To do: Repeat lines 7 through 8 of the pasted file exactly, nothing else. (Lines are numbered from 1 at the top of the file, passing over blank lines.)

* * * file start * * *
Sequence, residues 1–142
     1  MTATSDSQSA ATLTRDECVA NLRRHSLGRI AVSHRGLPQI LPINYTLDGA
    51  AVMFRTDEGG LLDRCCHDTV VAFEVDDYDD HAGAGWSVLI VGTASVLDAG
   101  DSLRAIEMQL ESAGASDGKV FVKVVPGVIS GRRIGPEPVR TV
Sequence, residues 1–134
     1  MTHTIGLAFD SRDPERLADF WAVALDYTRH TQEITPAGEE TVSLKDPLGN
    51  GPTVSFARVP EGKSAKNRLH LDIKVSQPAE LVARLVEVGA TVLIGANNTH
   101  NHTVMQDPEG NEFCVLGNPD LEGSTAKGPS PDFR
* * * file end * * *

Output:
    51  GPTVSFARVP EGKSAKNRLH LDIKVSQPAE LVARLVEVGA TVLIGANNTH
   101  NHTVMQDPEG NEFCVLGNPD LEGSTAKGPS PDFR